The cost of an dental implant starts from around $1,500 up to $5,000.00.  Anything less may be an indicator that you’re getting an inferior product or one not designed for a particular location in your mouth.  Short term the implant device may appear to be fully functional.  But if we look at the cost and the cost of other materials for dental implants compared to their operational life, the difference may be likened to the difference between Toyo’s and Michelin tires.  Here again you may get what you pay for and the initial cost may appear affordable, but in the  long term you are going to get a better result with respect to how it functions and how long it lasts if your provider installs Michelins.

It’s not to say the more you spend the better you will be.  Rather, a reputable practitioner, who is truly trained in the placement and restoration (and this may be two providers), may be a significant factor in what you end up with and what it costs.  Trust and reputation are the more difficult factors to define for the patient.

If we can be of service or answer any of your concerns please feel free to contact us.

Novy Scheinfeld, DDS, PC

290 Carpenter Drive, 200A

Atlanta (Sandy Springs), GA 30328

404-256-3620

www.rightsmilecenter.com

info@rightsmilecenter.com

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Dentist Dunwoody: Small Steps to a Healthy Mouth.

ToothbrushHey, I know you have heard some or maybe all of this before, but it works.  It’s not brain surgery nor is it boot camp.  But if you will follow these small steps you can save yourself a lot of money and sometimes a lot of pain.

1. Brush your teeth at least twice each day with fluoride toothpaste.

Aim for first thing in the morning and before going to bed. At least once a day, use floss or an interdental cleaner to remove food your toothbrush missed. Make sure you:

•Drink water that contains added fluoride if you can. Fluoride protects against dental decay. Most public water systems in the United States have added fluoride. Check with your community’s water or health department to find out if there is fluoride in your water. You also may want to use a fluoride mouth rinse, along with brushing and flossing, to help prevent tooth decay.

•Gently brush all sides of your teeth with a soft-bristled brush. Round and short back-and-forth strokes work best.

•Take time to brush along the gum line, and lightly brush your tongue to help remove plaque and food.

•Ask your dentist or dental hygienist to show you the best way to floss your teeth.

•Change your toothbrush every three months, or earlier if the toothbrush looks worn or the bristles spread out. A new toothbrush removes more plaque.

•If you wear dentures, be sure to remove them at night and clean them before putting them back in the next morning.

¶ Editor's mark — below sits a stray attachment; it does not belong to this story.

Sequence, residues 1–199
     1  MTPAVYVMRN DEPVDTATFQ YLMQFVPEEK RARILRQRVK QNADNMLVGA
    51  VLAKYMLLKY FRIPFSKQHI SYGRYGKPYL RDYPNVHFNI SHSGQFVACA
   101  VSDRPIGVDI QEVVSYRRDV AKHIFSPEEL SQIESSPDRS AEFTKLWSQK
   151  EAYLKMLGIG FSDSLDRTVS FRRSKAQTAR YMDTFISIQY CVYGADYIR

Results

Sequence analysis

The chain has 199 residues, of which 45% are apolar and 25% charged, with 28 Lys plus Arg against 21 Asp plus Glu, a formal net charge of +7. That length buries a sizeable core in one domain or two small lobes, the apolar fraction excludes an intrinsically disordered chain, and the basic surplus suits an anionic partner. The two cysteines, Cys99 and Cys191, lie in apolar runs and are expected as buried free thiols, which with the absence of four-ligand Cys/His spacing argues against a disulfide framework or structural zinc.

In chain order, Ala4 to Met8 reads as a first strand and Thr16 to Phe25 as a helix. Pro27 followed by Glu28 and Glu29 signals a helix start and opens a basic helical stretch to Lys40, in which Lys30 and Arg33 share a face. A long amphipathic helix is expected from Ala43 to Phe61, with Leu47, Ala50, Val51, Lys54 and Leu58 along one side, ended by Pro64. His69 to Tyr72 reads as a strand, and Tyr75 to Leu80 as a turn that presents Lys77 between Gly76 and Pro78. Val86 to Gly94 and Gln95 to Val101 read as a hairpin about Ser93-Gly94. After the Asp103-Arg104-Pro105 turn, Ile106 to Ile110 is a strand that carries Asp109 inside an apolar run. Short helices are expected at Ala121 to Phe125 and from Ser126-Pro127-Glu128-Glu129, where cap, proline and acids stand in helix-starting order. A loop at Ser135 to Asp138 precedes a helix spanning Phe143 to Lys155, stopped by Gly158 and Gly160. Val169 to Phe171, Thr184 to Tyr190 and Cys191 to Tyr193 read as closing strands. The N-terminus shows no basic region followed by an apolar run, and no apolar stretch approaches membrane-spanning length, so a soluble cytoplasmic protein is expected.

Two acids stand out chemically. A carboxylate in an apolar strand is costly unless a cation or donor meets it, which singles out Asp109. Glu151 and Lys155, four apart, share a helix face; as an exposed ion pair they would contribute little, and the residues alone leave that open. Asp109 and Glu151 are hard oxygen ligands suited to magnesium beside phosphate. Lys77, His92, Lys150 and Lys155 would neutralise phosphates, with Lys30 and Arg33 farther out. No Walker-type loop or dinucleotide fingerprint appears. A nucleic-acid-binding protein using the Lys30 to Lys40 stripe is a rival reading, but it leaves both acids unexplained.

2. Have a healthy lifestyle.

•Eat healthy meals. Cut down on tooth decay by brushing after meals. Avoid snacking on sugary or starchy foods between meals.

•Don’t smoke. It raises your risk of gum disease, oral and throat cancers, and oral fungal infections. It also affects the color of your teeth and the smell of your breath.

•Limit alcohol use to one drink per day for women. Heavy alcohol use raises your risk of oral and throat cancers. Using alcohol and tobacco together raises your risk of oral cancers more than using one alone.

•Limit how much soda you drink. Even diet soda contains acids that can erode tooth enamel.

3. Get regular checkups.

•Have an oral exam once or twice a year. Your dentist may recommend more or fewer visits depending on your oral health. At most routine visits, the dentist and a dental hygienist will treat you. During regular checkups, dentists look for signs of diseases, infections, problems, injuries, and oral cancer.

•See your dentist right away if:

◦Your gums bleed often

◦You see any red or white patches on the gums, tongue, or floor of the mouth

◦You have mouth or jaw pain that won’t go away

◦You have sores that do not heal within two weeks

◦You have problems swallowing or chewing

4. Follow your dentist’s advice.

Your dentist may suggest ways to keep your mouth healthy. He or she can teach you how to properly floss or brush. Follow any recommended steps or treatments to keep your mouth healthy.

5. If you have another health problem, think about how it may affect your oral health.

For instance, if you take medicines that give you a dry mouth ask your doctor or nurse if there are other drugs you can use. Have an oral exam before starting cancer treatment. And if you have diabetes, practice good oral hygiene to prevent gum disease.

If we can be of assistance or you have additional concerns, feel free to contact us.

Novy Scheinfeld, DDS, PC

290 Carpenter Drive, 200A

Atlanta (Sandy Springs), GA 30328

404-256-3620

www.rightsmilecenter.com

info@rightsmilecenter.com

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Dentist Dunwoody: What Discolors Teeth?

Porcelain VeneersTooth discoloration and staining can cause embarrassment and self-consciousness.  There are many causes of tooth discoloration, some within your control and some not.  Here is a short list of some causes and possible cures:

1.   Drinks: Coffee and tea tend to stain teeth, especially when sipped over a prolonged period of time.  Periodic professional cleanings and in-office tooth whitening will reverse these effects.

2.  Smoking/Tobacco:  Smoking and chewing tobacco have a negative effect on tooth color, gingival health, and breath.  The best treatment is to quit smoking.  Again, periodic in-office cleanings and professional tooth whitening can minimize the discoloring effects of smoking.

3.  Dental Restorations: Metal restorations tend to breakdown at the edges (margins) and may reduce the transparency of tooth enamel.  For a nice aesthetic appearance, replacing metal fillings with tooth colored composites or porcelains reverses these effects.  Even tooth-colored restorations are subject to stains with time and may need replacement.